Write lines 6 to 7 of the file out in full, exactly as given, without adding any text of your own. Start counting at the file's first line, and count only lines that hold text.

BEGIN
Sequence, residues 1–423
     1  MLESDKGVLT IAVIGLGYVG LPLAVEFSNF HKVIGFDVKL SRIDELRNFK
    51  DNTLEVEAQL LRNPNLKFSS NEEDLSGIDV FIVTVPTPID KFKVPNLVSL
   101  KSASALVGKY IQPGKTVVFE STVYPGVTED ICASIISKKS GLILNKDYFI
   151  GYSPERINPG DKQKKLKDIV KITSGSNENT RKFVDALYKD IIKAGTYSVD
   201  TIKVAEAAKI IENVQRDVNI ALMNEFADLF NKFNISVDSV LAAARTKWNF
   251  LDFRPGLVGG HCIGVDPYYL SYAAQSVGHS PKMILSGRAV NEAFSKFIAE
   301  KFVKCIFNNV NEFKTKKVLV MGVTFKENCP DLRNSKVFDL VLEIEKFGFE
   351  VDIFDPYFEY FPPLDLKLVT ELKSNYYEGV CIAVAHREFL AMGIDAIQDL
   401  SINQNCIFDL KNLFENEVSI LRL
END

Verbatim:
   201  TIKVAEAAKI IENVQRDVNI ALMNEFADLF NKFNISVDSV LAAARTKWNF
   251  LDFRPGLVGG HCIGVDPYYL SYAAQSVGHS PKMILSGRAV NEAFSKFIAE